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There’s been some ongoing buzz about the current Buffyverse ongoing, Buffy The Vampire Slayer Season Eight, but Buffy comics have been running for some time at Dark Horse, starting after season three of the tv show.
At first it was hard to get into the collected editions, with a variety of thin trades collecting different story arcs, none without numbers on the spine.
Luckily, Dark Horse started releasing Buffy comics in their slightly undersized (but fat) omnibus format, this time collected in a sort of chronological story order.
So this book actually collects the last comics in the BtVS 1998 run – issues 51-59, which, along with BvTS: The Origin (a three issue mini released in 1999) retell the movie plot, and two stories connecting the original movie script to the TV Show.
Altogether the book weighs in at 264 pages including some covers and a brief introduction by editor Scott Allie.
The book was a pleasant surprise. Instead of simply retelling plots from the show, a huge amount of the work here is original and nicely fills in some gaps.
The first story, All’s Fair, featuring Spike and Dru at the 1933 World’s Fair, doesn’t really tie into existing continuity much, but is a lot of fun.
It’s very lighthearted for a story with no real heroes and lets the reader know that this book will fit in well with the rest of the Buffyverse they know from the show. The fanged couple start out in a familiar scene in the orient and work their way into some very Lovecraftian hijinks in Chicago.
The characters seem the same (even if they don’t always have that same snap-wit that Joss and his writing crew championed.)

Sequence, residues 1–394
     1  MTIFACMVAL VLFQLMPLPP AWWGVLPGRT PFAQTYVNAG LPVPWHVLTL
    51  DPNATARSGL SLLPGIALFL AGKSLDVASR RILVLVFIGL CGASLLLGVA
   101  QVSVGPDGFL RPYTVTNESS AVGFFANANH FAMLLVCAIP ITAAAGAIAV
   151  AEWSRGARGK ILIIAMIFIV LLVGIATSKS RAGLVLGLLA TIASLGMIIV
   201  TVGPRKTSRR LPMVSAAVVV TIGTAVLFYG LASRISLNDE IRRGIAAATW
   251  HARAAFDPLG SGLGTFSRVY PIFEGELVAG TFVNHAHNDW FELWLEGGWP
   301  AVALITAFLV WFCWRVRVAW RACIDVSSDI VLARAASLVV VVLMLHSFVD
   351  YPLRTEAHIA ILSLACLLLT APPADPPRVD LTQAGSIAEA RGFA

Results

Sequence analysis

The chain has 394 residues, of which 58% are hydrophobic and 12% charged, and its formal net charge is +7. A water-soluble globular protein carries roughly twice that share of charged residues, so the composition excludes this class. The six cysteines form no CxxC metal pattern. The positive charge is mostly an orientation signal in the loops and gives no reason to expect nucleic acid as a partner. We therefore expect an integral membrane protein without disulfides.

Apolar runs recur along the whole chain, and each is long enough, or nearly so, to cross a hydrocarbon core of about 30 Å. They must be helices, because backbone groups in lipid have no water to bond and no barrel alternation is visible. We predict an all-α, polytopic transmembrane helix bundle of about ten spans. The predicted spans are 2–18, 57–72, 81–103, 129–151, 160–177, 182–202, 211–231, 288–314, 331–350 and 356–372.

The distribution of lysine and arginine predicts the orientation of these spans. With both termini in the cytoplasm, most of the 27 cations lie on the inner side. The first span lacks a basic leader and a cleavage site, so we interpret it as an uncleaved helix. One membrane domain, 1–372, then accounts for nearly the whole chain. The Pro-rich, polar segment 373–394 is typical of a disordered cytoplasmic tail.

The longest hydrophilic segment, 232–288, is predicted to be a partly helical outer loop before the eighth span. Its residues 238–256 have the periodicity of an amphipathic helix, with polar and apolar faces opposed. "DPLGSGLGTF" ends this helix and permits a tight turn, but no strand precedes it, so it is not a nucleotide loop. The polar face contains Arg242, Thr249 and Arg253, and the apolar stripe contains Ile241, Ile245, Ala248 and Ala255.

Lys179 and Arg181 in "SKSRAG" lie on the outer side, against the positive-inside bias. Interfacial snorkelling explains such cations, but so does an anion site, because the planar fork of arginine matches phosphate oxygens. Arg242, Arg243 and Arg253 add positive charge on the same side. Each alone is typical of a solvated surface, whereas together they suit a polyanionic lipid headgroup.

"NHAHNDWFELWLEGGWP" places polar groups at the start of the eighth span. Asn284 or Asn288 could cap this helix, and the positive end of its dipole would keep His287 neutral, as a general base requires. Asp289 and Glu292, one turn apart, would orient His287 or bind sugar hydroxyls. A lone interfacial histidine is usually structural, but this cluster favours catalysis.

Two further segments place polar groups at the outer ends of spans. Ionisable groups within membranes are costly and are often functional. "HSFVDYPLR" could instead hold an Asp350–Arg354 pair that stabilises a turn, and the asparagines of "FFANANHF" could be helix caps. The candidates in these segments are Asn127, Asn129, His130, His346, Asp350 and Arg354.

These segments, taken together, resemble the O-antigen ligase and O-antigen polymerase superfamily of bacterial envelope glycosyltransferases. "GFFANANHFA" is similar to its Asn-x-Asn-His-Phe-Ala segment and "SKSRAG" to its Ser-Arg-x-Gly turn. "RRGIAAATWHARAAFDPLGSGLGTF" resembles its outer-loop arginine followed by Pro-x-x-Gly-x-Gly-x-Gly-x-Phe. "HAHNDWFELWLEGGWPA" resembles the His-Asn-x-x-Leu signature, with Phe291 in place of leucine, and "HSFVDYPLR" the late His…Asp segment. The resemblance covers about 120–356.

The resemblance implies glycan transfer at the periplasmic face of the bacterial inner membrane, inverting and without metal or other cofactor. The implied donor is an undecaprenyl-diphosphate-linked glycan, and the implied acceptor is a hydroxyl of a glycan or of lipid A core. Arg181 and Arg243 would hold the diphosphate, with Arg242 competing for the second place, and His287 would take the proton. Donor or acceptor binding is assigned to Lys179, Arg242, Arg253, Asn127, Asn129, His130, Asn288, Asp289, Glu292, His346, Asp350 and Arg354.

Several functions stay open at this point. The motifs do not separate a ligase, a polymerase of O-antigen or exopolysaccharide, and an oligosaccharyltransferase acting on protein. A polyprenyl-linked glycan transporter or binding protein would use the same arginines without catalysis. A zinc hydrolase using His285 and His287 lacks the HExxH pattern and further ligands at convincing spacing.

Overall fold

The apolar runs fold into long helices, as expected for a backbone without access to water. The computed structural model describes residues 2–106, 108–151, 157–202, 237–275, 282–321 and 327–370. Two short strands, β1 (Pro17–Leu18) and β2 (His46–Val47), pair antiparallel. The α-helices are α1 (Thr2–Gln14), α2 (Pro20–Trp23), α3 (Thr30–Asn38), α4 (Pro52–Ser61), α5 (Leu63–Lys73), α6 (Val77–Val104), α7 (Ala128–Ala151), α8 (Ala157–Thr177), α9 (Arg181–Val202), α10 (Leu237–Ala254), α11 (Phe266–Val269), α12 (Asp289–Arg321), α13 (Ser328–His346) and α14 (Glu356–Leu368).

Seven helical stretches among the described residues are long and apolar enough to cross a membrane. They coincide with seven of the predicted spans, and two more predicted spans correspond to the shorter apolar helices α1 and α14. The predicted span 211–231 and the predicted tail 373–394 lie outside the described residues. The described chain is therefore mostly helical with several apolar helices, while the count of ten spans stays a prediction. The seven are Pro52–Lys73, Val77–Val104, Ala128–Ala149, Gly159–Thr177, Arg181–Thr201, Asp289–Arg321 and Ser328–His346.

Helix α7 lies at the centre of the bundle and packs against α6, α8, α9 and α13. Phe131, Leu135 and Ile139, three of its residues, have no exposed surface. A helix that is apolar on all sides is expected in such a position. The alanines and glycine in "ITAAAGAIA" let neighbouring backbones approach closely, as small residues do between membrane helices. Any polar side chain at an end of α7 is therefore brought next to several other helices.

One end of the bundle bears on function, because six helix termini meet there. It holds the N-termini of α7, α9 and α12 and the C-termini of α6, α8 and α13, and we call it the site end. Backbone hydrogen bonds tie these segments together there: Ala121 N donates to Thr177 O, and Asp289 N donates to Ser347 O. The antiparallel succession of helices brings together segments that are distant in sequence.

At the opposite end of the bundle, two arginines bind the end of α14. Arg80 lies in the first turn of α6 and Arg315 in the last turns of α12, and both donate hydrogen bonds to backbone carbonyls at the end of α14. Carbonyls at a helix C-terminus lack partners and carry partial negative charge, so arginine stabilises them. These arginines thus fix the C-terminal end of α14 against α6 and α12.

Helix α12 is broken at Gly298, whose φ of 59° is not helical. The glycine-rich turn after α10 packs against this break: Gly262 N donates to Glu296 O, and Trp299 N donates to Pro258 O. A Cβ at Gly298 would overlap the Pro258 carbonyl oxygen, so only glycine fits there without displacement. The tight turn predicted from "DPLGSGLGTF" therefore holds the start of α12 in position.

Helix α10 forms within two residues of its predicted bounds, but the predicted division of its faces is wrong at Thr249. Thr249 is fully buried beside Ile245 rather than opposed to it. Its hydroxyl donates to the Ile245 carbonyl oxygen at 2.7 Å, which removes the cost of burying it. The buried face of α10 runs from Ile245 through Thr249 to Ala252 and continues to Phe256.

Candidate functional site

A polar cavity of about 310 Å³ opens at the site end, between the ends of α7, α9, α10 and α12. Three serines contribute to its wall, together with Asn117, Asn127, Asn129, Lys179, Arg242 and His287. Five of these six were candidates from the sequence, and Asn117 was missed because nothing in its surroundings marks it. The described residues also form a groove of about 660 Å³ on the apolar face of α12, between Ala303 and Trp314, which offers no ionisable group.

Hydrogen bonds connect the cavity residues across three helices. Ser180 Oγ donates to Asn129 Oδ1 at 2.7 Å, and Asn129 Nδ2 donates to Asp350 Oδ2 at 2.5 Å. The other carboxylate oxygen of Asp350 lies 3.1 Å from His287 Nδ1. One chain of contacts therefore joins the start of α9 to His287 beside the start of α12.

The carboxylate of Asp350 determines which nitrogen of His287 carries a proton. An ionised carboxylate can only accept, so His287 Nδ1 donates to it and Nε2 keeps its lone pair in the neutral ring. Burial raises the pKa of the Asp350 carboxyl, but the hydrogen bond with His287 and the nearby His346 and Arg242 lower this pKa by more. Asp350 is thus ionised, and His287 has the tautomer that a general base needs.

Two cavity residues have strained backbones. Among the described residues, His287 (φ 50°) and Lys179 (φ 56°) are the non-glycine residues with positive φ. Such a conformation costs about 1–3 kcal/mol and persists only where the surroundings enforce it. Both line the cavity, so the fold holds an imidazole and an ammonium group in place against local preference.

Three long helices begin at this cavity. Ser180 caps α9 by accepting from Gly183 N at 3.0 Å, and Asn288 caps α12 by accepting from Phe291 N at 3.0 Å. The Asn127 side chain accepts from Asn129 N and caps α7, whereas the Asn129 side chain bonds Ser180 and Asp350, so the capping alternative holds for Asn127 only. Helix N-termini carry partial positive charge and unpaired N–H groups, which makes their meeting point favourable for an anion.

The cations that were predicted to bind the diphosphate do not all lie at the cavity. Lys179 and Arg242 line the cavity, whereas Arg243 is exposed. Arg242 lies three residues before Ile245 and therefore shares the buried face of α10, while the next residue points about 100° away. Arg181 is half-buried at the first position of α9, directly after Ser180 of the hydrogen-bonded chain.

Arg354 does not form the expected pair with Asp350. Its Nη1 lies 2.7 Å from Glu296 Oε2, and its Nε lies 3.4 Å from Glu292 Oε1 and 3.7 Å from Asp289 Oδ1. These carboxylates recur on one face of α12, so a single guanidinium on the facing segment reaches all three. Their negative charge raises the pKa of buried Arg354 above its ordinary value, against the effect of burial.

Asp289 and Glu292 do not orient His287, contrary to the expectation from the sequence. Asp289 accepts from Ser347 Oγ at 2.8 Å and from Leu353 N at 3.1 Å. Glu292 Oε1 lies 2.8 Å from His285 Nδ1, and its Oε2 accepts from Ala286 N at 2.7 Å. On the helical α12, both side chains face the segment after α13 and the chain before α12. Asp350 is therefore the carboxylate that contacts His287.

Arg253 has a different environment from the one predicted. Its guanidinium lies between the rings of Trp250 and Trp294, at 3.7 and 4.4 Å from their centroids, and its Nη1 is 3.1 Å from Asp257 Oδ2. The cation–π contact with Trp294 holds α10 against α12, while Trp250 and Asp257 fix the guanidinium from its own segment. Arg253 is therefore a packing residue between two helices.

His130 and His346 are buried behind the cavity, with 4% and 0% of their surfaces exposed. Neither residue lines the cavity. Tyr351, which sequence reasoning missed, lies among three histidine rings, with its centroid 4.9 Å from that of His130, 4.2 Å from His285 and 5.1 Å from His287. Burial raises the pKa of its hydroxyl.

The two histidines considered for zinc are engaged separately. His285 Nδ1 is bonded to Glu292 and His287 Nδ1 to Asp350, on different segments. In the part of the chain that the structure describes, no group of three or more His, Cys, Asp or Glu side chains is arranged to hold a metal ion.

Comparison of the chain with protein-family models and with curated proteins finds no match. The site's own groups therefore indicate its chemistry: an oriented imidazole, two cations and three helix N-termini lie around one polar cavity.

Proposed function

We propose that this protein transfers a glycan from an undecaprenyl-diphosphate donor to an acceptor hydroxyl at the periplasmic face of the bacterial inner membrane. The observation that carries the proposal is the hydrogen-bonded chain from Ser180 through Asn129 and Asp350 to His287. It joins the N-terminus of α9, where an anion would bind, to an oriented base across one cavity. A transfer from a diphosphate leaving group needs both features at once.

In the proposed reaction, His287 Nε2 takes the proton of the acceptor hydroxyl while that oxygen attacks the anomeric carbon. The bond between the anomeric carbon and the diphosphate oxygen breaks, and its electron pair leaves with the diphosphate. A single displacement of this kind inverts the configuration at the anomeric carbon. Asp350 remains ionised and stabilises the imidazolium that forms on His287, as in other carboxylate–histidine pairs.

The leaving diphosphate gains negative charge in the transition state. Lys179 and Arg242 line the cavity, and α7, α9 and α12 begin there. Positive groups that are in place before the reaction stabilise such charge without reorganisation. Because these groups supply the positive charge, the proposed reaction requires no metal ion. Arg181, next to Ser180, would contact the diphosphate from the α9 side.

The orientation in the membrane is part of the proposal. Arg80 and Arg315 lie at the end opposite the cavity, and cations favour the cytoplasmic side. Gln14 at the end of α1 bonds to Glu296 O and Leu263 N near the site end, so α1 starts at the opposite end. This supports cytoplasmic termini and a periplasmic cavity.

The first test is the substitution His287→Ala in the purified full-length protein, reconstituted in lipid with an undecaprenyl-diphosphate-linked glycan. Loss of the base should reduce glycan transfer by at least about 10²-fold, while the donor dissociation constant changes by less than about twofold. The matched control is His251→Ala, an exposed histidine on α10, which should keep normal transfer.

Produced after the Buffy character was well fleshed out, we get the Sarah Michelle Gellar Buffy Anne Summers right from the start.
Some things take a little getting used to (like how many of the vampires are solid tones of green and vamp out differently from in the show) but I found it vastly superior to the film.
Pike, the kid who ends up helping the slayer, is fleshed out and a bit less annoying, even though he’s still got a goatee.
Buffy’s first watcher, Merrick, is also a lot more badass, and I actually cared about the guy. Surprise!
The whole story is framed by some amusing gossip from Buffy’s prior girl clique.
Turns out she ran away and ended up in Vegas.
There’s plenty of badness going on there, though, and this storyline entangles Angel in behind the scenes as Buffy and Pike try to take down a vampire infested casino.
There’s some true weirdness in this book and a lot of laugh out loud moments – Buffy has always had some very inventive ways of taking down vamps.
Also a bonus, we’re allowed a peak at Giles’ trials as he works towards becoming Buffy’s new watcher.
Dawn shows up in the previous tale, Viva Las Buffy, and while she is probably the most complained about character in the tv series, all is forgiven, because the next story, Dawn and Hoopy The Bear, is one of my all time Buffyverse favorites – absolutely hilarious in a sort of disturbing way, just the way we like it.